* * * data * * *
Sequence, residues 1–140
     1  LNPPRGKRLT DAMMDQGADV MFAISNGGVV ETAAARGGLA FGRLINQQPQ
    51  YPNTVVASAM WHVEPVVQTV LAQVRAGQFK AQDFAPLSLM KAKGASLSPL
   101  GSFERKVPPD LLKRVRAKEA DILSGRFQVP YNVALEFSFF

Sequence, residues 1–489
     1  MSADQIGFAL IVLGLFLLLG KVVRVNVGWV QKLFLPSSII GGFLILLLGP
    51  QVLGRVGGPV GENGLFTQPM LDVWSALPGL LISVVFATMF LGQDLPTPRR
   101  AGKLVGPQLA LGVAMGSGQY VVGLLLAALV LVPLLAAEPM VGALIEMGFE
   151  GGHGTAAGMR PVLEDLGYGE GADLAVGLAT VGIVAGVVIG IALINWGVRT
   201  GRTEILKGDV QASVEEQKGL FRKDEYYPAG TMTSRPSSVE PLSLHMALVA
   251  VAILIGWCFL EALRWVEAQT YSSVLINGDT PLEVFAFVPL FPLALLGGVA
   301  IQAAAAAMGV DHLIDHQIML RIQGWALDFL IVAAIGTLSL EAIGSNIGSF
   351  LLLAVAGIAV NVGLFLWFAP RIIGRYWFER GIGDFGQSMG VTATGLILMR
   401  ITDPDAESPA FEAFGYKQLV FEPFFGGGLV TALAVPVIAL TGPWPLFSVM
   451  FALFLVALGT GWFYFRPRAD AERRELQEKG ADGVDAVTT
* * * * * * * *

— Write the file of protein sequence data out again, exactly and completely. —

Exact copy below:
Sequence, residues 1–140
     1  LNPPRGKRLT DAMMDQGADV MFAISNGGVV ETAAARGGLA FGRLINQQPQ
    51  YPNTVVASAM WHVEPVVQTV LAQVRAGQFK AQDFAPLSLM KAKGASLSPL
   101  GSFERKVPPD LLKRVRAKEA DILSGRFQVP YNVALEFSFF

Sequence, residues 1–489
     1  MSADQIGFAL IVLGLFLLLG KVVRVNVGWV QKLFLPSSII GGFLILLLGP
    51  QVLGRVGGPV GENGLFTQPM LDVWSALPGL LISVVFATMF LGQDLPTPRR
   101  AGKLVGPQLA LGVAMGSGQY VVGLLLAALV LVPLLAAEPM VGALIEMGFE
   151  GGHGTAAGMR PVLEDLGYGE GADLAVGLAT VGIVAGVVIG IALINWGVRT
   201  GRTEILKGDV QASVEEQKGL FRKDEYYPAG TMTSRPSSVE PLSLHMALVA
   251  VAILIGWCFL EALRWVEAQT YSSVLINGDT PLEVFAFVPL FPLALLGGVA
   301  IQAAAAAMGV DHLIDHQIML RIQGWALDFL IVAAIGTLSL EAIGSNIGSF
   351  LLLAVAGIAV NVGLFLWFAP RIIGRYWFER GIGDFGQSMG VTATGLILMR
   401  ITDPDAESPA FEAFGYKQLV FEPFFGGGLV TALAVPVIAL TGPWPLFSVM
   451  FALFLVALGT GWFYFRPRAD AERRELQEKG ADGVDAVTT